Ten Examples of Deception

People have been deceiving others throughout all of recorded human history. Studying the ways that deception has been employed in the past can help us avoid being deceived in the future. Be it a fake tunnel painted on a brick wall or an AI that convinces you it’s a human; deception can be tricky and it manifests in a massive amount of different forms.

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Deceive [verb]:

To cause someone to believe something that is not true.

Hoax [noun]:

A creation made with the intent to deceive and also made with the intent to have the deception revealed at some point.

Forgery [noun]:

A creation made with the intent to deceive but also with the intent to have the deception last indefinitely.

These are my personal definition which are used specifically for this article. Definitions for the words vary depending on the author. “A creation” in this article is defined as “anything crafted by a person or multiple persons”. Hoaxes, forgeries, and deceptions are all results of deceit.



Example 1: Space Cadets.

This was a TV show that aired in 2005 where the applicants got auditioned to partake in a training program located in Russia that would prepare them to be flown 62 miles up into near space. The participants believed that they were training for this until it was revealed to them that the whole thing was an elaborate hoax perpetrated by the creators. They never went near space and were never in Russia. Some viewers have speculated that the story about it being a hoax is a hoax, claiming that the participants were actors and knew all along what was going on.

Example 2: Celestial Deceptions.

In 1835, hundreds of thousands of people across the world were lead to believe that there was proof of life on the moon. The Sun newspaper had reported in a series of articles that astronomers were using their revolutionary telescopes to see plants, animals, and humans living on the moon. It resulted in The Sun becoming the top-selling daily newspaper. The story had peopled fooled for about two weeks and since then it has been known as The Great Moon Hoax.

Example 3: The Grievance Studies Affair.

The Grievance Studies Affair, also known as Sokal Squared (after Alan Sokal’s 1996 hoax), was a hoax that took place in 2017 and 2018 which successfully entered articles into academic journals in order to show the corruption in academic studies such as critical race studies, gender studies, queer studies, and others. Originally they failed at passing their papers into the journals, but after studying more and learning better techniques of mimesis, they were able to pass their articles through peer-reviewed journals. They received flack from the academics for taking an unscientific approach, and even one of the three perpetrators admitted that it was mostly a failure.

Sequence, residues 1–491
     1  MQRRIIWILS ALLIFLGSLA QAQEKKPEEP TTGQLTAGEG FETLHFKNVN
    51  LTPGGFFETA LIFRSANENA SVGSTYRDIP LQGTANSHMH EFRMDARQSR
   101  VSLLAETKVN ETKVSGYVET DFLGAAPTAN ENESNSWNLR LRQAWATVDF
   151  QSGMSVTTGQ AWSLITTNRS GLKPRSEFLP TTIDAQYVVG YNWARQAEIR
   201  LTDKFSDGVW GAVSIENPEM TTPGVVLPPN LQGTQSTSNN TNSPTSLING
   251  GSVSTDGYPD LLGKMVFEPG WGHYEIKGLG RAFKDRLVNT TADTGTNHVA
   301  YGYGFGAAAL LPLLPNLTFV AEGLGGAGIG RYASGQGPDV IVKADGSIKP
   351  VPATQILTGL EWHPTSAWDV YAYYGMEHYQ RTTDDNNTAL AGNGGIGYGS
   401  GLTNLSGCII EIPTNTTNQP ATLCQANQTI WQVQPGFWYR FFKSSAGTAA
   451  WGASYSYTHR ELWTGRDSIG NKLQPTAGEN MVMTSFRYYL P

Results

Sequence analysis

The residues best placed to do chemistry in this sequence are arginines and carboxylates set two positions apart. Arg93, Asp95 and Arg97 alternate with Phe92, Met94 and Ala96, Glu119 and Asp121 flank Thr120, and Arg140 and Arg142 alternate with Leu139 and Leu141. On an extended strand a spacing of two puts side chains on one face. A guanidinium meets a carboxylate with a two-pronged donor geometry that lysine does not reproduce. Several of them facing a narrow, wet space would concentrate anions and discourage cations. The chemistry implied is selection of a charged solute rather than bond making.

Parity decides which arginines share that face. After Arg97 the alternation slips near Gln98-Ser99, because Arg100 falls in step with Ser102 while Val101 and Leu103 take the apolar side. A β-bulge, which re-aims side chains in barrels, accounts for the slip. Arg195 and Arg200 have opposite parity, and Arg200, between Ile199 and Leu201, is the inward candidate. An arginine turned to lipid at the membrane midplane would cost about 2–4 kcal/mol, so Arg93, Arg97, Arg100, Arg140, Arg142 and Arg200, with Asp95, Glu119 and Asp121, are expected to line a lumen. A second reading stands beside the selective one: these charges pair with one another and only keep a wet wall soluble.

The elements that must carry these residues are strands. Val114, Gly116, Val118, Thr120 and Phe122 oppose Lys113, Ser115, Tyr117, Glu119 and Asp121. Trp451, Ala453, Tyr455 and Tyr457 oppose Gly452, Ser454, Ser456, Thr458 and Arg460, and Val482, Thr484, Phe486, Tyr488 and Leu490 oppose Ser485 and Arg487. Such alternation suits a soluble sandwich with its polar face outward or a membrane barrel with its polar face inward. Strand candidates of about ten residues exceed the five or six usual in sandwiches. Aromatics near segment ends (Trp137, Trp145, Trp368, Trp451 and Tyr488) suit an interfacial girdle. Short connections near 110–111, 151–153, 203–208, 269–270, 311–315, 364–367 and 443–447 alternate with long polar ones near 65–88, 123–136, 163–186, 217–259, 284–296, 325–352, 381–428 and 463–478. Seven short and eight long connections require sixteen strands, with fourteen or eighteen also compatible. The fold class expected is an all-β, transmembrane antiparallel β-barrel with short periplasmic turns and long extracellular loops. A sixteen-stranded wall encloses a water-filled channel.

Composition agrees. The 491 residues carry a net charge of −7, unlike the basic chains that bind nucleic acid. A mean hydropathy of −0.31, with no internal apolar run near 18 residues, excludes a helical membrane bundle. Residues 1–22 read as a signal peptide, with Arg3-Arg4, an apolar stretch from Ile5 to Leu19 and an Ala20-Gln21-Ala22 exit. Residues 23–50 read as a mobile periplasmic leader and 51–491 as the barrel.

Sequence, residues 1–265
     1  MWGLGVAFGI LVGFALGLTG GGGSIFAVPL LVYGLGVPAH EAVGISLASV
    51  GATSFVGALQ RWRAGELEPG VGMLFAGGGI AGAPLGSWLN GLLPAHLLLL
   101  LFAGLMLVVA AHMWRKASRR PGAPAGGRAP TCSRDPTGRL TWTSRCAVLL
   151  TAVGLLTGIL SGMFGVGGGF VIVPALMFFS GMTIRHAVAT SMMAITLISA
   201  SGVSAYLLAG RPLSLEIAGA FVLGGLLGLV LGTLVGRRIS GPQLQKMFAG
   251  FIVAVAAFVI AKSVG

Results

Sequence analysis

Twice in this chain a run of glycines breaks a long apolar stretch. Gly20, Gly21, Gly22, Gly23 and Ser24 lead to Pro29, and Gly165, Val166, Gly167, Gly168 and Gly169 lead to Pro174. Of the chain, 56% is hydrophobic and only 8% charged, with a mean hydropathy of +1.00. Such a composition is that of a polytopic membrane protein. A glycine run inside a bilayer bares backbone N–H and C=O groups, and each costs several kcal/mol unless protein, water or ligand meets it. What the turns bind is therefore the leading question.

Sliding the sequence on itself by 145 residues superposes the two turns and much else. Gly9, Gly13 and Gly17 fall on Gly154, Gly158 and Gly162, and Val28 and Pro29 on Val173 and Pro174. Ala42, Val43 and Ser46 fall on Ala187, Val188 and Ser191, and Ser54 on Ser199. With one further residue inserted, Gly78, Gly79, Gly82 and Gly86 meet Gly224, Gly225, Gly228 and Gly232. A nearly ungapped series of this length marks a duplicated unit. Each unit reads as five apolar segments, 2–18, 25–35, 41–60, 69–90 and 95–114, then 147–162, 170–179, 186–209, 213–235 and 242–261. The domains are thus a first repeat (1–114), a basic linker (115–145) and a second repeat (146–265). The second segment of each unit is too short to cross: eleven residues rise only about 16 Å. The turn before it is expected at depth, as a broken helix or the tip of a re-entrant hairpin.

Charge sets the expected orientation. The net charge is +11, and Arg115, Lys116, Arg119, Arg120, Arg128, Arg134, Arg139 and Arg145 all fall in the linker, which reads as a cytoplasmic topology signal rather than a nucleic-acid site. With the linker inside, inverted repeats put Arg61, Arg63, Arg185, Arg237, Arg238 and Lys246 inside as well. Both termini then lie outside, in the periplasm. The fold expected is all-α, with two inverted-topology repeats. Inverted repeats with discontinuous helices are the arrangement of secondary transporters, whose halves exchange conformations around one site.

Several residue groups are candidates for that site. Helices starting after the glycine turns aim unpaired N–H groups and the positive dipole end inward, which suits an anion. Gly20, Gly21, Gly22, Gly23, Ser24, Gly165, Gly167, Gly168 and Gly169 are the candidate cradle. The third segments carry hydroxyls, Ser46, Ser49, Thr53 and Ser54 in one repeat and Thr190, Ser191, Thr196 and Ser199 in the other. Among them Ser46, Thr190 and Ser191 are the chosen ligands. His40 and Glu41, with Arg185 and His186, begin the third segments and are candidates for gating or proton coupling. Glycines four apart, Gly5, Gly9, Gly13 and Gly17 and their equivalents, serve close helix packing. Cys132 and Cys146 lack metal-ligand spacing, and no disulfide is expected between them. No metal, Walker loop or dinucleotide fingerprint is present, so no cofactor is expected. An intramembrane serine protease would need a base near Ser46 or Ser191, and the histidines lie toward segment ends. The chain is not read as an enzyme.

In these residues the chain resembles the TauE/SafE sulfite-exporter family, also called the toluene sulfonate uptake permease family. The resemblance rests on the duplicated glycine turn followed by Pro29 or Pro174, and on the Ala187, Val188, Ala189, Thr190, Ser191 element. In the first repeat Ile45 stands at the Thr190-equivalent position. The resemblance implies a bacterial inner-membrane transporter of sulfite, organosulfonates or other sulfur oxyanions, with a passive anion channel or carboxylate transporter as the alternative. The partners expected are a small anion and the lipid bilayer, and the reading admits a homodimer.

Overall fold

Example 4: Hundreds of Years of Deception.

In 1493, Annius of Viterbo unearthed a series of marble statues and 5 years later, in 1498, he published his Antiquitates of Annius. Suspicions were raised nearly immediately about the authenticity of his work, but this did not stop a significant amount of people from believing him. The marble statues had been salted to make them appear older and Annius wrote his works knowing they were false. Anthony Grafton informs us in ‘Joseph Scaliger and Historical Chronology‘ that “Before Scaliger there had been two schools of thought about the use of ancient sources for chronology. One school followed the Bible and the texts forged by Annius of Viterbo; the other school followed the Bible alone.” The forgery lasted well into the 17th and 18th centuries before finally belief in its authenticity was abandoned by virtually everyone.

Example 5: Forging Provenance.

Provenance is “the place of origin or earliest known history of something.” Provenance can be forged and one known example can be found in the works of John Myatt and John Drewe. John Drewe commissioned John Myatt to paint new paintings. He then forged documents that showed false provenance and slipped them into museum and gallery archives to give the fresh paintings a fake history. The duo was eventually caught, and while only 60 paintings were recovered, it is said that Myatt painted about 200 works total for Drewe.

Example 6: Nearly 30,000 Letters, One Forger.

The mathematician Michel Chasles was duped by Denis Vrain-Lucas in the 19th century into believing that he (Chasles) was purchasing letters written by famous scientific minds such as Galileo, Newton, Pascal, and others. In reality, Denis Vrain-Lucas was the author of these letters. Vrain-Lucas, writing to Chasles from jail after he had been imprisoned for his forgeries, claims that he forged nearly 30,000 letters over the course of 7 years. He communicates in his letter that he doesn’t feel any guilt about the forgeries due to the fact that the public was ignorant about science and the history of science and they only cared when science produced new technologies or “the scent of a scandal”. His forgeries got more people interested in science and science history, and he says Chasles helped with that. Aside from whether or not his actions were justified, nearly 30,000 letters is an incredible amount of forging for one person.